The place was a state – Carrie wasn’t a great one for housework, and I hated a mess, but I didn’t have the time or the energy to clear up. I wasn’t there for Carrie, I knew it, I kept apologising to her, but she kept telling me it was OK, she was going for coffee with a lot of her friends and they were supporting each other. She actually seemed more upbeat than she had for a while, and when I had a moment to think about it, I wondered if the dread of it all going was worse than the fact of it being gone.

After the mad rush at work had ended, and things subsided to merely hectic, I was exhausted, more tired than I knew it was possible to be. I dragged myself through a normal work day, and slept until the afternoon at weekends, despite Carrie’s attempts to rouse me. I was too tired for sex, and even if I hadn’t been, my libido certainly was; despite her best efforts, not a creature was stirring.

Then, a few weeks after that, I started getting double vision at odd times. I thought it might be my contact lenses, so I got those checked out, but there wasn’t a problem. I was still very tired, so put it down to that, and tried to look after myself a bit better.

A few weeks after that, I dropped a cup of camomile tea in Carrie’s lap when the mug slipped out of my hand as I was giving it to her. Luckily, I didn’t scald her, but we were both a bit shocked. When I dropped a glass of beer in a pan of curry, ruining the curry, the beer, and the glass, I wondered if I needed to get some help with de-stressing, and Carrie gave me some wonderful Reiki massages, which helped untense my shoulders, and untense our sex life, but didn’t noticeably improve my coordination, as I tripped over nothing and wrenched my shoulder against the sofa a few days after dropping the glass in the curry.

I really was exhausted, and looked forward to a few weeks off, when we would be moving, decorating our flat and then going down to Devon.

Moving day came, we gave in the keys to my flat and picked up the keys to our flat, and moved in. I’d had to get rid of a lot of my furniture, as it was too big, but we’d kept my bed and the small round dining table and two chairs. We needed a new sofa, but Carrie didn’t want to get a brand new one. She said one of her friends was selling their old two-seater, and it would do for the living area. We went and had a look, I wrinkled my nose at it a bit, possibly because it had belonged to someone else, with children and a dog, before, but Carrie said she loved it, convinced me we could clean it up, drape it with throws and it would look great with our intended colour scheme. So we got it, and picked it up the day after we moved in.

As we manhandled the sofa up the stairs and into the lounge, my heart nosedived at the sight of our flat – small, dark, horrible wallpaper, small lumpy sofa, view of the street from the window, harsh fluorescent light overhead in the kitchen area. I tried to see what it would look like when we’d finished with it, but really couldn’t just at that moment, and concentrated on looking at Carrie instead, who was looking excited and lovely.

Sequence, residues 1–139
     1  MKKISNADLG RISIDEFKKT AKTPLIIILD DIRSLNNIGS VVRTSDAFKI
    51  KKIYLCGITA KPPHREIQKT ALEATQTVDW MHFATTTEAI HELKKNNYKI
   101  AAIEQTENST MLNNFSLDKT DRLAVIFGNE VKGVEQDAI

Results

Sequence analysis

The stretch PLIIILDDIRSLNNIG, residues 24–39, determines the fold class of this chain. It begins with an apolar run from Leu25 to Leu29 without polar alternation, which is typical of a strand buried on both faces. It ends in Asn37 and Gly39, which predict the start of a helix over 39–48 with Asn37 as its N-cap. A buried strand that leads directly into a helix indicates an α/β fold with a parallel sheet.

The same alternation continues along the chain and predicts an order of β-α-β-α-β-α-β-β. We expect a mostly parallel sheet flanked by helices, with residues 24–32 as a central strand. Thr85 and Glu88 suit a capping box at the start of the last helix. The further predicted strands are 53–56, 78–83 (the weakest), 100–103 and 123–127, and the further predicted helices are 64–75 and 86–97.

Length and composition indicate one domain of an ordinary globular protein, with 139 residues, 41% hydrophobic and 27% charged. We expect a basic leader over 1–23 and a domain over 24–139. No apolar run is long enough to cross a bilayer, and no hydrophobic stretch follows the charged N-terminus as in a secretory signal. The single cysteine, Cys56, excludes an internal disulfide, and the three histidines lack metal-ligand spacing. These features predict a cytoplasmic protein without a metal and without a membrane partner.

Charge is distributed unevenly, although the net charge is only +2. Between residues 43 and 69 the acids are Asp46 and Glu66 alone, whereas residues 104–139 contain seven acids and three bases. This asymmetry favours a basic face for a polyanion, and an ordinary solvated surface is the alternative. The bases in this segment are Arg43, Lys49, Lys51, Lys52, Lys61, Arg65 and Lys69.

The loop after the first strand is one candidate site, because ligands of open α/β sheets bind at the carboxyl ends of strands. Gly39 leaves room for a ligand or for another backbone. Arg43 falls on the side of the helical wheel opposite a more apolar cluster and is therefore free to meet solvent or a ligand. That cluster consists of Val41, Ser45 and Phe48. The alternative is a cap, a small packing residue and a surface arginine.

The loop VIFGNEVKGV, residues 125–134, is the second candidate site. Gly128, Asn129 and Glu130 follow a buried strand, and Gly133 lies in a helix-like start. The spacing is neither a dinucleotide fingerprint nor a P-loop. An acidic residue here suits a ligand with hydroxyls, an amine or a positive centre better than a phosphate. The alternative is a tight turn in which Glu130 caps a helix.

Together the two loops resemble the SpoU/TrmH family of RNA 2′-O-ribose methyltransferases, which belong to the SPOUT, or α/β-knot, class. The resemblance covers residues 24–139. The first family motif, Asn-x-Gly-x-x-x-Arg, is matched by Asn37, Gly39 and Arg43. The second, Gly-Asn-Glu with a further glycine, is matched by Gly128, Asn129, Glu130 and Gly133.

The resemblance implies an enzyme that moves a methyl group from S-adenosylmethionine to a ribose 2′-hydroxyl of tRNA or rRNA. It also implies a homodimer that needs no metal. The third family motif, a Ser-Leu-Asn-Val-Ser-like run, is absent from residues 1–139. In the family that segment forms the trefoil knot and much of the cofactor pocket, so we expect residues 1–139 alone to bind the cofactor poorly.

We decorated our arses off, and at the end of a week our combined efforts, along with the new kitchen units and bathroom suite, and new spotlights in the kitchen, made me a lot happier with our new place. It said ‘Carrie and Matt live here’, it said ‘in your face dingy flat, we’ve made you awesome’. All except the Robbie Williams poster, which Carrie produced from nowhere and insisted on hanging above the TV. There wasn’t much I would refuse that girl, but this sorely tested the limits.

‘Seriously? I’ve never even heard you listen to a Robbie Williams song.’

‘It’s not about his singing, I just like him.’

‘Since when?’

‘Since I was little.’

‘Can’t it go in the loo?’

‘No, it’ll get all damp and wrinkly.’

‘Some would say there are worse things that could happen to Robbie.’

‘It’s staying.’

So the bloody thing stayed, but I used it as ammunition every time I wanted my way about something. I’d look consideringly at Robbie’s strutting form and then back at Carrie, and she’d realise what a sacrifice I’d made for her and give me whatever I wanted. Oh, no, that was in my dreams, and in reality it was the other way round. But underneath, I didn’t mind. I loved my girl, and I was with her, and I’d have lived in a mine shaft, or on a dung heap if she’d asked me to.

A couple of weeks after we’d moved in, Carrie came home after I’d got back from work. I was getting frustrated with the small amount of space available in which to work in the kitchen, had tried to chop an onion with a chopping board overhanging the edge of the counter, the whole lot had gone flying, and I’d cut my finger on the knife as I stupidly tried to catch it. Carrie saw the blood-stained kitchen roll and hurried over.

‘What have you done?’

‘Cut myself.’

‘Oh, is that what all the blood is? You’re very clumsy lately.’

‘This wasn’t clumsy, this was too much chopping board, too little space.’

‘Did you chop your finger, then?’

‘No, not exactly.’

‘What, then?’

‘Tried to catch the knife.’

‘What? Why?’

‘So … it didn’t fall on the floor and I’d have to pick it up and wash it.’

‘Yeah, I can see it’s saved you loads of time. Come here. Have you washed it?’

‘No, it’s still on the floor.’

‘Have you washed your finger, not the knife.’

‘Oh. No. Trying to stop the blood.’

‘Wash it first, then first aid it. Where are the plasters?’

‘Where did we put them?’

‘I can’t remember. I’ll look in the bathroom. You wash that.’